Reflections Of A Harvard Undergraduate Premedical Student
Sometimes it feels as if the path to becoming a practicing physician is a path of deferral. As a premedical student and sophomore in college, I have seen my peers engage in a variety of activities that are required for medical school but are not directly applicable to life as a physician. My colleagues have reviewed physics for the MCAT (Medical College Admissions Test), studied the nuances of organic chemistry, and adopted leadership roles by managing large organizations and events.
As a premedical student myself, I am often tempted to think of life as a physician as the final attainment of a routine that matters. Finally, instead of focusing on how to fulfill particular requirements and prepare for a standardized examination, a physician can find treatments for patients and help make scientific breakthroughs. Instead of being attuned to the competitive nature of an application process, a physician is able to reflect on how to best relate to their patients with care and empathy and how to best work with other members of their health care team.
However, when I ask physicians for advice or insight, they often describe how the practice of medicine is not as ideal as premedical students might project it to be, and has its challenges just as the premedical experience has challenges. For instance, an emphasis on efficiency makes it difficult for physicians and other health care professionals to adequately spend time listening to their patients. The commercialization of the medical field can also make work difficult, and even disillusioning, for physicians.
Understanding these realities provides a new perspective for premedical students: an awareness that the practice of medicine is imperfect. Students should expect to be faced with imperfections, such as timing constraints and a frustrating inability to listen fully to patients, during their later years as a physician. Armed with this knowledge and perspective, premedical students know more about what they can expect, and perhaps even change, in the field of medicine.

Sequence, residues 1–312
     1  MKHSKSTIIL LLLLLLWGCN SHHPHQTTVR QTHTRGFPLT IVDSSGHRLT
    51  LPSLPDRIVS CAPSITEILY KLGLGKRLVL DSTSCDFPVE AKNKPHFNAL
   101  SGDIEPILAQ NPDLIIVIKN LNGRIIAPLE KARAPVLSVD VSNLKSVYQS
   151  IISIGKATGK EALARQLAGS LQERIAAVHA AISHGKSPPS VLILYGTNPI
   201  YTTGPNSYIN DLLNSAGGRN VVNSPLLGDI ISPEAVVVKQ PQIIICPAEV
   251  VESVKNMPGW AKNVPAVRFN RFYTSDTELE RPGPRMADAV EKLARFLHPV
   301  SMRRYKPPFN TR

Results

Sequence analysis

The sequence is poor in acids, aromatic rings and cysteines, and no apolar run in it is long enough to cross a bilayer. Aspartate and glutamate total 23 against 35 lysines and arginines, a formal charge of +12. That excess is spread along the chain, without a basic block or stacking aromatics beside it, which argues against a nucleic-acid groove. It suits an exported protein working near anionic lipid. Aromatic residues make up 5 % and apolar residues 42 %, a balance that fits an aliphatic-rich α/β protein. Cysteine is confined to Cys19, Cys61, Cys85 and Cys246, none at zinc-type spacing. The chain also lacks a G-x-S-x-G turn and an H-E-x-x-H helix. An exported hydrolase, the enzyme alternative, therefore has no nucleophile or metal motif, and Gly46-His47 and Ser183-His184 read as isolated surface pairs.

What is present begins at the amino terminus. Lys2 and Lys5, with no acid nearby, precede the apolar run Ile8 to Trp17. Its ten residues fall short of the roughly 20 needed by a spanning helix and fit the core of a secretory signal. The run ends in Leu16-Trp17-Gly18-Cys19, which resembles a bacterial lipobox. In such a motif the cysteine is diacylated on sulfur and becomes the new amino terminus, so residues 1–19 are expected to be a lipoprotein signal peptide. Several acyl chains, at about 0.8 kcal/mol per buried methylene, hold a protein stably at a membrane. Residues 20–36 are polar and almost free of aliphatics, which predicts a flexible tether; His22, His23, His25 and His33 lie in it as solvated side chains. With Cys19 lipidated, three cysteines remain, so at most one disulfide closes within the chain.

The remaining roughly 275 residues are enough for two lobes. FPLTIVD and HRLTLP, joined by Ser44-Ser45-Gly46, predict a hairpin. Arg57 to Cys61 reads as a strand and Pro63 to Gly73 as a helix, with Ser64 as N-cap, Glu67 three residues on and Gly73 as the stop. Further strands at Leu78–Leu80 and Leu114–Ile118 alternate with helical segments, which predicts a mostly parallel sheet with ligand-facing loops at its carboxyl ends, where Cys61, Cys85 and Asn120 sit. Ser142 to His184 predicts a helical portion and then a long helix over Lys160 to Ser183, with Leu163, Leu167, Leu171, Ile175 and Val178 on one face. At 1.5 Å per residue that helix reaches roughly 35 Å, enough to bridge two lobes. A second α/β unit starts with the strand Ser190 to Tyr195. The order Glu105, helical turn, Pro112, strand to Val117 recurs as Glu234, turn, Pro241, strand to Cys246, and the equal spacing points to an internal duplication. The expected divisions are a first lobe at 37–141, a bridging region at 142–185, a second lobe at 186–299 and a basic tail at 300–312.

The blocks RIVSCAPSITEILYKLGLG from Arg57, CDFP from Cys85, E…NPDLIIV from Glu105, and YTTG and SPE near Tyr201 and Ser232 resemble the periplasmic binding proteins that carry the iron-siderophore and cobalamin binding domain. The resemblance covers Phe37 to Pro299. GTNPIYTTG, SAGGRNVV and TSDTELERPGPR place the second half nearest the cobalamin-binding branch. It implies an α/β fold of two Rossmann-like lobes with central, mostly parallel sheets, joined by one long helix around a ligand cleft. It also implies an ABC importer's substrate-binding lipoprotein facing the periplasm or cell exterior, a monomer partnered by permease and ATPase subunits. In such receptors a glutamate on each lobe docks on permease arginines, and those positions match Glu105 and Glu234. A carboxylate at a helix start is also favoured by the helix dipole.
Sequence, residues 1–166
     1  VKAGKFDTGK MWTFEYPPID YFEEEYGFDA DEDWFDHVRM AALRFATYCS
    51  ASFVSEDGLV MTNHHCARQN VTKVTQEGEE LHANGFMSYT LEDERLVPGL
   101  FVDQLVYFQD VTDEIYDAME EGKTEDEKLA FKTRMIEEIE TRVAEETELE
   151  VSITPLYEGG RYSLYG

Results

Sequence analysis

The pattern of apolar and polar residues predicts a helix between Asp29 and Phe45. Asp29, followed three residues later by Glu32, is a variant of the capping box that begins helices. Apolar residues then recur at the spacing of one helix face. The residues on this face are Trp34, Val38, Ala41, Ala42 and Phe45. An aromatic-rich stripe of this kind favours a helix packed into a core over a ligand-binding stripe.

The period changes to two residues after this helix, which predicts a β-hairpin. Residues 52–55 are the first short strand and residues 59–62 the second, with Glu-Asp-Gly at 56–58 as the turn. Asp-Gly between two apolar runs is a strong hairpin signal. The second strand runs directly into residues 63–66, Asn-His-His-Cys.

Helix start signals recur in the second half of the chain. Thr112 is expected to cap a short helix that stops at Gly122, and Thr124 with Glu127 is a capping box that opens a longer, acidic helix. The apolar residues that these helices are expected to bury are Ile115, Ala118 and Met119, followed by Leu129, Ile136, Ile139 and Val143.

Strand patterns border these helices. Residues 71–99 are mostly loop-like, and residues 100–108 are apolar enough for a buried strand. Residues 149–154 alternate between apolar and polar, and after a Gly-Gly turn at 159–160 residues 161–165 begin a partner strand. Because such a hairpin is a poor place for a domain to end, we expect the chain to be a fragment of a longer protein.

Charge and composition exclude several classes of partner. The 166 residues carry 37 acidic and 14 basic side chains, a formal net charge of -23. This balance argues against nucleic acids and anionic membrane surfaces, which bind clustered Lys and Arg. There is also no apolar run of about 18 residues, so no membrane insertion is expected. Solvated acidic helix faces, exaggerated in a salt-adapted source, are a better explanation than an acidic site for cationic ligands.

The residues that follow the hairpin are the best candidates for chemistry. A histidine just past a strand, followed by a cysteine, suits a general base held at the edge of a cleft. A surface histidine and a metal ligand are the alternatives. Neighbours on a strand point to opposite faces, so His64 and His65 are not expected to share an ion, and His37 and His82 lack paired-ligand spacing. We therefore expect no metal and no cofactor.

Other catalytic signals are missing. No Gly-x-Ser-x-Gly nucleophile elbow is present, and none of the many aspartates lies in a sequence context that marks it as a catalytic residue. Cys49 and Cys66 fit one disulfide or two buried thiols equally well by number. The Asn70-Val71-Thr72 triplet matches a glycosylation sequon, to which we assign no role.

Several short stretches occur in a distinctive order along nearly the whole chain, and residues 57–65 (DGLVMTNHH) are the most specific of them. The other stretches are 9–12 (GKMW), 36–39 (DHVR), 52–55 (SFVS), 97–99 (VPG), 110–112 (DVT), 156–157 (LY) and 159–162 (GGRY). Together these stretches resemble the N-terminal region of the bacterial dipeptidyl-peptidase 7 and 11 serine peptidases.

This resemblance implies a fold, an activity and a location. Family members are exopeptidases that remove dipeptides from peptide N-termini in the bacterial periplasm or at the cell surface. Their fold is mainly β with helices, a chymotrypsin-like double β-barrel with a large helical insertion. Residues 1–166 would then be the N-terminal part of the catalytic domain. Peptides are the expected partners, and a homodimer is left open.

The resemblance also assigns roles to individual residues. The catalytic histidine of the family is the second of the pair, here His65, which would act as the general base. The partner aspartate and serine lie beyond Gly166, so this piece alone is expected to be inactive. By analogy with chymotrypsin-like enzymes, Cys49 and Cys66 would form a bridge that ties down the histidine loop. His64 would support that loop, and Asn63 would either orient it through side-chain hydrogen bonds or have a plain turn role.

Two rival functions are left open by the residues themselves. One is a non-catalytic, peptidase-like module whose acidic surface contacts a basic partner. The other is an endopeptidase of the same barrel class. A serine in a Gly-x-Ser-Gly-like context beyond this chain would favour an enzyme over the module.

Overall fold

They can also face the path to medical school with a fresh perspective. Because I have realized that the practice of medicine, like the premedical experience, contains elements that do not directly relate to becoming a better physician, I am less frustrated by the process. Instead, I am more focused on how to make my premedical experience translate into a learning experience that will help me become a more engaged physician.
More deeply, health care professionals' efforts to fill in the gaps of modern medical practice inspire me and resonate with my idealistic impulse to contribute to the medical field. I hope to be involved with medicine because I hope to help others restore their health, whether they are struggling physically, emotionally, or spiritually. Although a major component of doing this as a physician is of course providing medicine, I am also interested in less traditional ways that health care providers can facilitate emotional healing.
Health Story Collaborative is one such example. By providing a space for patients to share their stories with others, Health Story Collaborative creates a sense of community. Patients who are hesitant or unable to leave their homes to attend a support group can still participate. Moreover, some patients may prefer the opportunity for privacy while bringing up uncomfortable or distressing topics with others. Health Story Collaborative also provides more opportunity than a support group for less spontaneous conversation that can more accurately reflect the nuances of a patient's experience. Patients spend time discussing and crafting their narrative with a physician, and the final written or audio transcript can capture more of their experience than quickly delivered thoughts.
Efforts such as Health Story Collaborative provide patients with emotional comfort, and also broaden the practice of medicine. By facilitating such efforts, physicians can do more for their patients and feel less constrained by the medical field's commercialization and haste. They can more deeply understand the patient experience, and become more empathetic and better prepared to provide advice that is relevant to specific challenges that patients face. This inspires me as a premedical student and indicates that the practice of medicine is more meaningful and more involved than I could have expected.